A Missouri representative has introduced a bill that may change how restrictions on gatherings, closures of businesses and other entities in a community are made by local governments and health officials.
House Bill 75, sponsored by Rep. Jim Murphy of St. Louis County, addresses public health and safety closures, which have become a more prevalent occurrence during the COVID-19 pandemic.
Murphy said the bill will allow local health officials and local governments to work in conjunction with one another to make sure these restrictions are the best option for their communities.
He noted that there have been some issues in regard to oversight among local health officials and local governments.
“Pretty much it started out because there are eight or nine counties around the state where the health departments decided that they could make their own rules,” Murphy said.
He said in one instance, a health department and the county executive in St. Louis County found a loophole in the Missouri statutes that allowed them to make these regulations without any legislative oversight of the county council, who would normally have a say in these regulations.
Murphy said the reason this becomes problematic is because an unelected official, who is only accountable to a county executive, is making rules and regulations that impact their entire communities.
HB 75 states it will “provide time-limited authority for political subdivisions to order closures of businesses, churches, schools or other public gatherings for reasons of public health or safety.” This means that for each order to shut down, local economies will have to go through an approval process depending on how long the shutdown is.
The bill allows local health officials to order a shutdown for up to 15 days without legislative oversight by a local government. For closures up to 45 days, a local full governing body must provide a vote in favor of the closure. Closures from 45 days to 90 days require approval from the Missouri Department of Health and Senior Services. Lastly, closures that go beyond 90 days must be approved by the Missouri General Assembly if it is in session, or by the Joint Committee on Disaster Preparedness and Awareness.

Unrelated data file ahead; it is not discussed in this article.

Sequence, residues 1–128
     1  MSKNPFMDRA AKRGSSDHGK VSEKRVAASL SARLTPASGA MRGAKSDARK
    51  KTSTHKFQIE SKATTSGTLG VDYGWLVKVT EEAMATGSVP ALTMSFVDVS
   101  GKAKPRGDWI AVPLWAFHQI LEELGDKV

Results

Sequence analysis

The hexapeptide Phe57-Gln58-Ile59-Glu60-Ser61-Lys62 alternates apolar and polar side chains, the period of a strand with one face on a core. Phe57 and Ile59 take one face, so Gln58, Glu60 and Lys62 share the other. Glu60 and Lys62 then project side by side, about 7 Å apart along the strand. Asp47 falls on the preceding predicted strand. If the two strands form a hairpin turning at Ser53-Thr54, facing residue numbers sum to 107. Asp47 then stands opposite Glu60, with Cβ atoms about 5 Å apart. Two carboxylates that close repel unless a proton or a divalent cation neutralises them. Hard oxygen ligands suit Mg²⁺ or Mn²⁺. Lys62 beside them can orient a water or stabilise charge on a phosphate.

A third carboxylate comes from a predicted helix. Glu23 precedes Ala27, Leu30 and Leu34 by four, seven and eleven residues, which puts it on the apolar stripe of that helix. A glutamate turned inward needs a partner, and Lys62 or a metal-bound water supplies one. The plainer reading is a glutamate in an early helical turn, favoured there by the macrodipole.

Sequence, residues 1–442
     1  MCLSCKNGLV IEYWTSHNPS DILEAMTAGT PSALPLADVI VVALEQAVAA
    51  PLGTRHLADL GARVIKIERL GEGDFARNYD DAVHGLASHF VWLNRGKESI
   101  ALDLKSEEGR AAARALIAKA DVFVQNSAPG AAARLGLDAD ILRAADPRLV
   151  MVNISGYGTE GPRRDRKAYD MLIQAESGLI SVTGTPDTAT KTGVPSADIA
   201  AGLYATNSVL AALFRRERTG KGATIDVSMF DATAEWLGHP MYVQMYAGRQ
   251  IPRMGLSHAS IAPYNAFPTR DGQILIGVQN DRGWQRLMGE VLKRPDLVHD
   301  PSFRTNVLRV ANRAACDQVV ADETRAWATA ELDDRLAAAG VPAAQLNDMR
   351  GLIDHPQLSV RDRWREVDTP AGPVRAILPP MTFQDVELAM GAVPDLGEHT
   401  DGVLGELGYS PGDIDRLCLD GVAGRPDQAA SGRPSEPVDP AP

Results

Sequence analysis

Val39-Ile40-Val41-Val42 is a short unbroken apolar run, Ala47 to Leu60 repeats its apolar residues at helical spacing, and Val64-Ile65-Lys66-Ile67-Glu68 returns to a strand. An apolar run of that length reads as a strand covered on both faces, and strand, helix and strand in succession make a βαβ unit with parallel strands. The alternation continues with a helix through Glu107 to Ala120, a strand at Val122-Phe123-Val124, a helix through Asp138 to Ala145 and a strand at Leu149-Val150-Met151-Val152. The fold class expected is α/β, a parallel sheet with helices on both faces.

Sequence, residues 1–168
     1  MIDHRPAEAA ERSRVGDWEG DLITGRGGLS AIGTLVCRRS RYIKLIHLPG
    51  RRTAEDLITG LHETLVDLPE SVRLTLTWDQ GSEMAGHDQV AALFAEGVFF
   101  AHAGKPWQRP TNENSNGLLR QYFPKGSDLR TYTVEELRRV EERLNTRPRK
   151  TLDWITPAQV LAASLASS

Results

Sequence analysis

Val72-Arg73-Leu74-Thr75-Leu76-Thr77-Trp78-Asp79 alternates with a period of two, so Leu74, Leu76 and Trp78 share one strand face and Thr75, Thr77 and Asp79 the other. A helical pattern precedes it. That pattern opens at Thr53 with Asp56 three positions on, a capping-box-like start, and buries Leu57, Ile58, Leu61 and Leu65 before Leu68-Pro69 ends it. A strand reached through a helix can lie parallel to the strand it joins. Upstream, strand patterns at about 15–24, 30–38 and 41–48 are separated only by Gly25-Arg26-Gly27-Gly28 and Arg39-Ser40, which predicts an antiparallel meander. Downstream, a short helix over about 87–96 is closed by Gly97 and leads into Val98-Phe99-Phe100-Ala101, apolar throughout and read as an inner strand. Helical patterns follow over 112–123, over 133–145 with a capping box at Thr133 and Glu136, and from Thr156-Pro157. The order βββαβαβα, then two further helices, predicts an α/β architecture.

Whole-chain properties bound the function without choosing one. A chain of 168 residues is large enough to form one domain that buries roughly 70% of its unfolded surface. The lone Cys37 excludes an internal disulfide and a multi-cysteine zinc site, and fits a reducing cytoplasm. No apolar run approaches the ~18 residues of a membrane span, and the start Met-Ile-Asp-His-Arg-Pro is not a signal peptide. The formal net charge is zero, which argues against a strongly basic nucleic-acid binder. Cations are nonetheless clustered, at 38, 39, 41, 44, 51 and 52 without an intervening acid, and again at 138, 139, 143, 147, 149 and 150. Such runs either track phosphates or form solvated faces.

Murphy filed the same bill in August 2020 during a special session called by Gov. Mike Parson. He said the only reason he filed the bill, HB 29, during the special session was to show the Missouri legislator that he had some concerns and wanted them to be aware of the situation. Fully knowing this bill would not be seen during special session, he refiled the bill during regular session this year, and it has now gone through a public hearing with the Missouri Senate.
HB 75 passed through the House with a 115-44 vote. It is currently waiting to be heard on the Senate floor for a vote. If it is approved by the Senate, it will be sent to Gov. Parson for him to sign into law.
Murphy said the bill will help provide legislative oversight in bigger communities that are seeing issues among its health officials and governing bodies not collaborating.
For small communities like Maryville, he said it will simply be a formality between the two institutions.
Nodaway County Health Department Administrator Tom Patterson said in an email to The Missourian that he supported HB 75.
“I see this bill as essentially ensuring a process is in place at each political entity to have a closure decision reviewed by the governing body,” Patterson said.
He said that he believes that these closures should be voted on by local governing bodies if they are in support of the order requested by local health officials.
Maryville City Councilman Tye Parsons did not support HB 75, saying it was a reactive bill that takes power away from local governments.
Councilman Parsons said when City Council was discussing the first emergency order, which restricted a lot of commerce in Maryville in March 2020, they took into consideration what local health officials, including Patterson and those at Mosaic Medical Center - Maryville, recommended and what other communities were doing.
“We really leaned heavily on our local experts,” Councilman Parsons said.
He noted that the state, particularly Parson’s office, had repeatedly told local governments that orders such as closures and mask mandates should be made at the local level. With HB 75, the state government will have to be involved in these decisions if the closure time requested is more than 90 days.
“I don’t see how you can have it both ways,” Councilman Parsons said.
Councilman Parsons also said that he believes this bill is supported by those who felt their ability to function as business was infringed upon.
He noted that the bill seemed vague in describing what entities were considered part of the “political subdivisions” that would be making these decisions regarding local shutdowns.
Councilman Parsons said this approval process that would be put in place could delay closures if they are needed.
“In the case of public health, if we’re in a pandemic, if the local healthcare experts say we need to shut down, then we need to be able to shut down,” Councilman Parsons said.